Stoozing: Free Cash or Debt Trap?
Stoozing is a way of using a 0% interest credit card to allow you to maximise the money you can make on your savings. But there are risks involved with this money hack, so is it worth trying?
Interest rates on savings accounts are higher than we have seen in years, with some top accounts currently offering over 3% for easy-access and over 4% for fixed-rate savings accounts. As a result, people have been talking about a so-called money hack called stoozing.
Stoozing is a way of using 0% interest credit cards and high-interest savings accounts to maximise the amount of interest you earn on your money.
The theory is that you use the 0% interest card for all your spending, putting the cash you otherwise would have spent into a savings account with a high interest rate. This means as much of your money as possible is earning interest, and you can then use your savings to pay off the card before the 0% rate ends.
As the current cost of living squeezes our incomes, we are all looking for ways to get more from our money. But is stoozing the answer?
More for your money
In the best cases, stoozing could allow you to earn hundreds of pounds by putting your money into high-interest savings accounts. However, the reality is that the majority of people are unlikely to be able to make a sizeable profit.
Andrew Hagger, personal finance expert at MoneyComms, says: “You can make some money doing this, but it’s not a life-changing sum and some people will feel the rewards don’t justify the time involved. It’s most suitable for people who are highly organised and have spare time on their hands to make the most of stoozing.”
You will typically need to have a good credit score to qualify for credit cards with the longest interest-free periods (currently around 24 months) and the highest credit limits, and you need to be able to put away hundreds of pounds a month into savings to see a significant return.
To get the best interest rates, it’s likely that you would need to lock away your money in a savings account for a set period, which means that you won’t be able to withdraw any money during that time.
“Easy access pays a lower rate, but that’s because you have the flexibility to be able to access your cash whenever you need it,” Hagger explains. “Locking your cash away will see you earn a higher rate, as long as you are comfortable that you won’t be able to access it early in case of a financial emergency.”
Crucially, wherever you save your money, you need to be able to pay off your credit card before the 0% rate ends to avoid paying any interest.
You’ll also need to make the minimum repayments each month as missed payments can affect your credit score and the card provider could cancel your 0% interest deal.
Worth the effort?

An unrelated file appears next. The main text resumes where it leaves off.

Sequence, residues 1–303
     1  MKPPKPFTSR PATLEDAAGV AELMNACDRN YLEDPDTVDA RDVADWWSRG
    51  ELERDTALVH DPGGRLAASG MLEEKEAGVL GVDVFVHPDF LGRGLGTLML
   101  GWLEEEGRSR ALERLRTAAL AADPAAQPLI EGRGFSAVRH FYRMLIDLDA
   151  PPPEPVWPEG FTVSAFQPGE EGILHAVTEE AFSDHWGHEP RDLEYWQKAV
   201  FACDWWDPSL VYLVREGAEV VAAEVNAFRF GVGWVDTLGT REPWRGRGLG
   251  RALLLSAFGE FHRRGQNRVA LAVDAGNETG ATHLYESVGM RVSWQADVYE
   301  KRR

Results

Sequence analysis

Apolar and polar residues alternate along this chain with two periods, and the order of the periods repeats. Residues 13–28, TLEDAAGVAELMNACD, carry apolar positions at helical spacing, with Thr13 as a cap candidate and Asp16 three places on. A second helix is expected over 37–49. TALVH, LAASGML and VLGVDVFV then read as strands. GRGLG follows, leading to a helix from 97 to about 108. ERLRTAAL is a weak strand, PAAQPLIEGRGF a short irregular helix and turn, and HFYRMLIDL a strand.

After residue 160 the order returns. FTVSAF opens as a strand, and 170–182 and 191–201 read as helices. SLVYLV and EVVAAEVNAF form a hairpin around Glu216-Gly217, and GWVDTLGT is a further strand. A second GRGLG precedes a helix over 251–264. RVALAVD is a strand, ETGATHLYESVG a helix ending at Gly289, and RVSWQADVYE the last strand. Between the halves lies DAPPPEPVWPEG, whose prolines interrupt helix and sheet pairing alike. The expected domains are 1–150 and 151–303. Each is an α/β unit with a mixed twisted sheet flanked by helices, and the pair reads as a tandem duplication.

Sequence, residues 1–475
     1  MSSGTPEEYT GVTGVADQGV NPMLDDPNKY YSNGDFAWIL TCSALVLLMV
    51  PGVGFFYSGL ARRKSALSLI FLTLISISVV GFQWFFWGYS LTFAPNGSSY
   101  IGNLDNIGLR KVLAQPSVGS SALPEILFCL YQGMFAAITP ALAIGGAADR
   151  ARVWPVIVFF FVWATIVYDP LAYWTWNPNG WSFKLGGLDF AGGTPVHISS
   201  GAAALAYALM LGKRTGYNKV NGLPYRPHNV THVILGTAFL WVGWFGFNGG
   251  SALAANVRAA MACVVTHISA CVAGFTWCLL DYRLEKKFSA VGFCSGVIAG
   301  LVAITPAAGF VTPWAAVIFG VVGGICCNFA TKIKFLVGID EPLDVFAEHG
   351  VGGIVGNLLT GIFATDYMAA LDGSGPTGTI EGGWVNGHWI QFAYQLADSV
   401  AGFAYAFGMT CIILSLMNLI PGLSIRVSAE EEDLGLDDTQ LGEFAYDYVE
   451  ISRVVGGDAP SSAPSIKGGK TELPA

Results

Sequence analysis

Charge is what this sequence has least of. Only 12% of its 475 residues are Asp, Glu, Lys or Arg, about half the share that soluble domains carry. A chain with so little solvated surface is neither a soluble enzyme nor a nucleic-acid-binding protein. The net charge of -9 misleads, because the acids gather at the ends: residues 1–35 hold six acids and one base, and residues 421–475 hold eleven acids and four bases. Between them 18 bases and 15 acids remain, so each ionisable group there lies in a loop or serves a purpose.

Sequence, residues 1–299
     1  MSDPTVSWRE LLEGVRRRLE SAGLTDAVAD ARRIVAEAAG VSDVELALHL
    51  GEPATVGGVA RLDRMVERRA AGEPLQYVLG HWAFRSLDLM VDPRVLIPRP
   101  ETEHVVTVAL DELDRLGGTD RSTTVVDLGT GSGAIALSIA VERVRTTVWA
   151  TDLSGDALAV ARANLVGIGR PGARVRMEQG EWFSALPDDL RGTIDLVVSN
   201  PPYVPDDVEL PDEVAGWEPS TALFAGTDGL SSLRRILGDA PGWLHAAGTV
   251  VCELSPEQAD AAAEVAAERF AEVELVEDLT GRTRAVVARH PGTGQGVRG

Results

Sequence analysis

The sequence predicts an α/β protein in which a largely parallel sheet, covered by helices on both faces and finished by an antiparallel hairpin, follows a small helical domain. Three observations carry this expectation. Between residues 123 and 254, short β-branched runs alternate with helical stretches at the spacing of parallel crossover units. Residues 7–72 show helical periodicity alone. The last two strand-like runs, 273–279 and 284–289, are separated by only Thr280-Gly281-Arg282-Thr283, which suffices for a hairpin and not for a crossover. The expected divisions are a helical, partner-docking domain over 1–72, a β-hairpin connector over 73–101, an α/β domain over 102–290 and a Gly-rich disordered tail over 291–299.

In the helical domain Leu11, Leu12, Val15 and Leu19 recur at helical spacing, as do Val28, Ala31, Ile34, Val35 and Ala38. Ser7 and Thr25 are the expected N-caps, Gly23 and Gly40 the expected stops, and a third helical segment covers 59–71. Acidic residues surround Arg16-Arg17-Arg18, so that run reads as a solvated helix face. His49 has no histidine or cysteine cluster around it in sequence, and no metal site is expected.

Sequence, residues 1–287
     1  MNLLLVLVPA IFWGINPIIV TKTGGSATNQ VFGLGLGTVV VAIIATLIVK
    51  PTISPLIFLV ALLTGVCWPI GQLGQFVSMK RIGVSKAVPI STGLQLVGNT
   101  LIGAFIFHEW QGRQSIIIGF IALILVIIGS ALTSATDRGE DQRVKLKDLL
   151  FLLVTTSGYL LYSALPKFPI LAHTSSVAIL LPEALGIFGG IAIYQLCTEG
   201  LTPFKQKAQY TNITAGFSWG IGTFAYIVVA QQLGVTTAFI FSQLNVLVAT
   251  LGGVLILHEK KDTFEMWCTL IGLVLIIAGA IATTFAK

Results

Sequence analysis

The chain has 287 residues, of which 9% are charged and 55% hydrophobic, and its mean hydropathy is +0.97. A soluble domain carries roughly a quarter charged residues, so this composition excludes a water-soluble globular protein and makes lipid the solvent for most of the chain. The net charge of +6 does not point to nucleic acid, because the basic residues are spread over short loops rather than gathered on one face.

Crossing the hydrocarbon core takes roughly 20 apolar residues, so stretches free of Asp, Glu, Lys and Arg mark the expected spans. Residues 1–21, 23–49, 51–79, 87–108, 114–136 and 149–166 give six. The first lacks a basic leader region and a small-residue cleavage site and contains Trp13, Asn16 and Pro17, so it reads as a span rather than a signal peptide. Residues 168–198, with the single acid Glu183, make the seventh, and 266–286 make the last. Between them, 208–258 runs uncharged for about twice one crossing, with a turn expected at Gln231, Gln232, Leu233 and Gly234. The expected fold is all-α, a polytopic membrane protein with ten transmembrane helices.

While stoozing has its perks, Helen Morrissey, senior pensions and retirement analyst at Hargreaves Lansdown, warns that it may not be suitable for everyone.
“[Stoozing] should only be attempted by the most organised people as missing making minimum payments or breaching your credit limit could result in your deal being suspended and your credit score could be negatively impacted. Any mortgage or credit applications could also be affected if you make mistakes.”
But even if you do everything right, building up significant debt on your credit card could still have a negative impact.
You may know that your credit card debt is under control and that you have the money in savings to pay it off, but anyone checking your credit file will only see the size of the debt.
Large amounts of debt can be a concern to mortgage lenders, for example, so you need to be mindful of this if you are planning to make an important application in the near future.
A key point to remember if you decide to become a “stoozer”, is that the 0% credit card isn’t free money. Stoozing will only work if you stick to your normal spending habits and if you pay the equivalent amount of money you spend on the card into your savings account.
Hagger comments that you need to be disciplined about not touching the money in your savings until it’s time to pay off your card, because “if you start dipping into your savings balance, your interest reward will be lower and you may not be able to repay your card balance in time.”
Ultimately, stoozing is only likely to be worthwhile if you are financially stable, debt-free, and in a position to put a significant sum of money into savings.
For some people, the risk of building up debt on a credit card outweighs the money they could make from stoozing. This is because while interest rates on savings accounts are high, the return you could make is still relatively small. Stoozing isn’t a get-rich-quick hack for everyone, but it is a way that some people could pocket some extra money on their savings.
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Rhiannon is a financial writer for NerdWallet, with a particular interest in personal finance and insurance guides for consumers. Read more